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On Feb 16, 2008 8:51 PM, Charles Oliver Nutter <charles.nutter / sun.com>
wrote:

> Eric Mahurin wrote:
> > I'd like to bring up the issue of how characters are represented in ruby
> > 1.9 from a performance standpoint.  In a recent ruby-quiz (parsing
> > JSON), the fastest pure-ruby solution was simply an LL(1) parser that
> > looked at one character at a time (it beat various Regexp solutions).
> > With ruby 1.9, the runtime increased by 4X making it a slow solution.  A
> > simple benchmark is at the end of this message that counts words in an
> > LL(1) fashion.  With ruby 1.8.6, it can could the words in Homer's Iliad
> > in 1.46s on my machine and in ruby 1.9 (from ubuntu gutsy) it takes
> > 52.87s (36X increase in runtime).
>
> Interesting benchmark; may I include it in JRuby's collection of
> benchmarks?
>
> - Charlie
>

Of course!  It is basically just a test of IO#getc or StringIO#getc along
with comparison of those characters with some fixed characters.  I think it
is a good representation of LL(1) character parsing/lexing.  LR/LALR/DFA/NFA
character parsing/lexing will have similar operations.  Instead of recursive
code, you'll have a state machine/stack for those.  Also, for any of these,
table lookup could be done instead of comparison, but it would cost a bit of
memory for character sets (probably slower too).

Most people coding in ruby use Regexp (DFA or NFA parsing itself?) at the
character-level, so the above isn't necessarily representative.  I just find
using Regexp with an IO more trouble than it is worth when writing a clean
parser/lexer (generator).

Eric

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On Feb 16, 2008 8:51 PM, Charles Oliver Nutter &lt;<a hrefailto:charles.nutter / sun.com">charles.nutter / sun.com</a>&gt; wrote:<br><div classmail_quote"><blockquote classmail_quote" styleorder-left: 1px solid rgb(204, 204, 204); margin: 0pt 0pt 0pt 0.8ex; padding-left: 1ex;">
<div classh2E3d">Eric Mahurin wrote:<br>&gt; I&#39;d like to bring up the issue of how characters are represented in ruby<br>&gt; 1.9 from a performance standpoint. &nbsp;In a recent ruby-quiz (parsing<br>&gt; JSON), the fastest pure-ruby solution was simply an LL(1) parser that<br>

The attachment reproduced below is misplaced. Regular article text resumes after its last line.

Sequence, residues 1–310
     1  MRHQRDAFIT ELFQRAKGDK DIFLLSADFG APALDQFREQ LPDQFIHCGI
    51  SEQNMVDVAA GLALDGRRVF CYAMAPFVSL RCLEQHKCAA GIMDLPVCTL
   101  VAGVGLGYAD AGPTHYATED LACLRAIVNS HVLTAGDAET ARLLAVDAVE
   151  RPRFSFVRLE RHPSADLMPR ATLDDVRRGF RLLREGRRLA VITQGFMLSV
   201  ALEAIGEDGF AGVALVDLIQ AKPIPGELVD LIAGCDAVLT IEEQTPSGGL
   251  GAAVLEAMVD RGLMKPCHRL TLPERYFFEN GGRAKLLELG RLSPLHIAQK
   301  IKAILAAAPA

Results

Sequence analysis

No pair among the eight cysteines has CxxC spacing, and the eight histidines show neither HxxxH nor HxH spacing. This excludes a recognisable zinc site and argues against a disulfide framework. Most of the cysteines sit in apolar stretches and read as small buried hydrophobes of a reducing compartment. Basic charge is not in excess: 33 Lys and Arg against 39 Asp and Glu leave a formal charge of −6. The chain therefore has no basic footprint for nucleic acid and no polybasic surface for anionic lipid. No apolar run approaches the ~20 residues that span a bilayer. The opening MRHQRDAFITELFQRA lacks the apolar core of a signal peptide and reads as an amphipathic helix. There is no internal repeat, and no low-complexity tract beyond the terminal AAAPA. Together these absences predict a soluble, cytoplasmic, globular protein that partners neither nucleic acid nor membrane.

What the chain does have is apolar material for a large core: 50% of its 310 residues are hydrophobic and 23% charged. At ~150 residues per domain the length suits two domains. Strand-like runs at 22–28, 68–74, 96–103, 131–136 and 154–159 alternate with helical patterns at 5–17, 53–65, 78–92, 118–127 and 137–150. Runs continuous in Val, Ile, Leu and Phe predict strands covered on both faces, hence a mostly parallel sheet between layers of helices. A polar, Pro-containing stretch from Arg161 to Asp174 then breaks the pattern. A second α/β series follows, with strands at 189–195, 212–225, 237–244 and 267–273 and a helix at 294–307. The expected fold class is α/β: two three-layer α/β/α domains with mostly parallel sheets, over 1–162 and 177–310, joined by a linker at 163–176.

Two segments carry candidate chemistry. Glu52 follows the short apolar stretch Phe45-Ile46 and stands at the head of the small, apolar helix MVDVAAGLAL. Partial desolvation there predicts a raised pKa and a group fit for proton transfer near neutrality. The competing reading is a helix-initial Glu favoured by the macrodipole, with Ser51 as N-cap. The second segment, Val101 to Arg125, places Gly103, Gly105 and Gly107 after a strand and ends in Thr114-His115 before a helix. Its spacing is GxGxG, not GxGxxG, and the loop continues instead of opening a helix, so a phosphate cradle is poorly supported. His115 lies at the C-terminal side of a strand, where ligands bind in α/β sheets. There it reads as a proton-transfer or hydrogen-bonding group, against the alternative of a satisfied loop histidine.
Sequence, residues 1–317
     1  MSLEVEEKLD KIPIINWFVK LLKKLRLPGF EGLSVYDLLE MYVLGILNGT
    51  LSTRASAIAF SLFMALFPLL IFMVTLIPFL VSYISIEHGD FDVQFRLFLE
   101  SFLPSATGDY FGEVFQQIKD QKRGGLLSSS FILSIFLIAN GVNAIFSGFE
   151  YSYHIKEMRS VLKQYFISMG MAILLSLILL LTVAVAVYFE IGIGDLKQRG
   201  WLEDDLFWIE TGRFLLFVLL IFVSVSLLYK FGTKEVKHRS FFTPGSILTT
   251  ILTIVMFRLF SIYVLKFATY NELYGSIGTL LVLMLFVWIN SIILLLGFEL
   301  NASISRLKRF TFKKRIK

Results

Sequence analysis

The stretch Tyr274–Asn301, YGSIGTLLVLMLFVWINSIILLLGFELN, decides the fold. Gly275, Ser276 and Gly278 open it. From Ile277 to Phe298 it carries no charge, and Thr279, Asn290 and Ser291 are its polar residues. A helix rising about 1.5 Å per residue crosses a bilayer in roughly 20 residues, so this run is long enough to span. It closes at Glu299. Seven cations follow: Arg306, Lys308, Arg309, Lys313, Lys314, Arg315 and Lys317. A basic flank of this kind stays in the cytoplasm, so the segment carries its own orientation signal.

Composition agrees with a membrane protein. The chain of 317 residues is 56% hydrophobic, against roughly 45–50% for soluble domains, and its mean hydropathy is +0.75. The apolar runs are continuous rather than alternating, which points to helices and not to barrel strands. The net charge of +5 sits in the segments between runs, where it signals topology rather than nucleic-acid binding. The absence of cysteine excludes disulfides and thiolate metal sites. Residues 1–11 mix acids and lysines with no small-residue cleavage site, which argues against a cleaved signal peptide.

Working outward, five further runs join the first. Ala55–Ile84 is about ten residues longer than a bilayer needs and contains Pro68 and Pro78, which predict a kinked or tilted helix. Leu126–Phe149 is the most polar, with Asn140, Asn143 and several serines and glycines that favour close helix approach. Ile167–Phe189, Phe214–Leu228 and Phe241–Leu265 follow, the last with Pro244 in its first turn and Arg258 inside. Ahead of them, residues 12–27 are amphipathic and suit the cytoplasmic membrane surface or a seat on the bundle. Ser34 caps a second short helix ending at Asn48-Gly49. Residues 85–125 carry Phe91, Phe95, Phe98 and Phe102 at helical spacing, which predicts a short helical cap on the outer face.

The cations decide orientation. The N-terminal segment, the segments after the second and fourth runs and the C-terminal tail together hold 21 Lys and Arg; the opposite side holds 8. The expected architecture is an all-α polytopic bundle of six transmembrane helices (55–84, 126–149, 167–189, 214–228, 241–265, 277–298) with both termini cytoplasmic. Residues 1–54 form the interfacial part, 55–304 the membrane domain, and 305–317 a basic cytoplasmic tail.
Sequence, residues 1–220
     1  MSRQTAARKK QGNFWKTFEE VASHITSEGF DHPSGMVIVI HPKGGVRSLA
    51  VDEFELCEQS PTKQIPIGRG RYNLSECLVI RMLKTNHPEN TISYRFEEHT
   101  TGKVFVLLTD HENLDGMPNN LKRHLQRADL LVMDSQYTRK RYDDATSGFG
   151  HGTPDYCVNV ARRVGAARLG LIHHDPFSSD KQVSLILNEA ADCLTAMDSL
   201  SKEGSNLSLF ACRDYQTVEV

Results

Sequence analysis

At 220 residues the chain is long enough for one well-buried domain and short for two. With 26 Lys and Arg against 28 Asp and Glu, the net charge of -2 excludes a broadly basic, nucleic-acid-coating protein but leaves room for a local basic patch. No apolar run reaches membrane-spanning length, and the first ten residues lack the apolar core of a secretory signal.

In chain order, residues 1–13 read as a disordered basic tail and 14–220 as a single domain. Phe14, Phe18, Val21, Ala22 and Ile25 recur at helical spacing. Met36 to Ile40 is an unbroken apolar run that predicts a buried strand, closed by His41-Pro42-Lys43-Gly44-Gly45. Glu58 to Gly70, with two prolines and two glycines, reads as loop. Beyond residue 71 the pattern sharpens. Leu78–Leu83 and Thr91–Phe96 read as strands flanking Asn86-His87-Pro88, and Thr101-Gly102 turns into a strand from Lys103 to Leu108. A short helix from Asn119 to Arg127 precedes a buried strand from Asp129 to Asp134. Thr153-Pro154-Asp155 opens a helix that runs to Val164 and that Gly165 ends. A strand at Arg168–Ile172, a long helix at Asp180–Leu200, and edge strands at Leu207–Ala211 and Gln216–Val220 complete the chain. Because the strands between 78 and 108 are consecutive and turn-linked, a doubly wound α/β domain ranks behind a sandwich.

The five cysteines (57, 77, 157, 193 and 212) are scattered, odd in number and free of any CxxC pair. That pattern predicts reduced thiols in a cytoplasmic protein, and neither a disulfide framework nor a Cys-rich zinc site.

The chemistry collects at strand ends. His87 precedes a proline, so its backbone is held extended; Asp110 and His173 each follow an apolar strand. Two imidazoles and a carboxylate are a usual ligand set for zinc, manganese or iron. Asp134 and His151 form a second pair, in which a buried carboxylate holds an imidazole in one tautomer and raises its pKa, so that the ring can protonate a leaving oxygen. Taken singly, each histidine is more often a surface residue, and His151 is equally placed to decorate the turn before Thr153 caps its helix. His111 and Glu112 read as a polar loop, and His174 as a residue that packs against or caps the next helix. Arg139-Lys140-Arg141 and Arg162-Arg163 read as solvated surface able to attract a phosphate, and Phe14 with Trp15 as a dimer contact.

&gt; looked at one character at a time (it beat various Regexp solutions).<br>&gt; With ruby 1.9, the runtime increased by 4X making it a slow solution. &nbsp;A<br>&gt; simple benchmark is at the end of this message that counts words in an<br>
&gt; LL(1) fashion. &nbsp;With ruby 1.8.6, it can could the words in Homer&#39;s Iliad<br>&gt; in 1.46s on my machine and in ruby 1.9 (from ubuntu gutsy) it takes<br>&gt; 52.87s (36X increase in runtime).<br><br></div>Interesting benchmark; may I include it in JRuby&#39;s collection of benchmarks?<br>
<br>- Charlie<br></blockquote></div><br>Of course!&nbsp; It is basically just a test of IO#getc or StringIO#getc along with comparison of those characters with some fixed characters.&nbsp; I think it is a good representation of LL(1) character parsing/lexing.&nbsp; LR/LALR/DFA/NFA character parsing/lexing will have similar operations.&nbsp; Instead of recursive code, you&#39;ll have a state machine/stack for those.&nbsp; Also, for any of these, table lookup could be done instead of comparison, but it would cost a bit of memory for character sets (probably slower too).<br>
<br>Most people coding in ruby use Regexp (DFA or NFA parsing itself?) at the character-level, so the above isn&#39;t necessarily representative.&nbsp; I just find using Regexp with an IO more trouble than it is worth when writing a clean parser/lexer (generator).<br>
<br>Eric<br><br><br>

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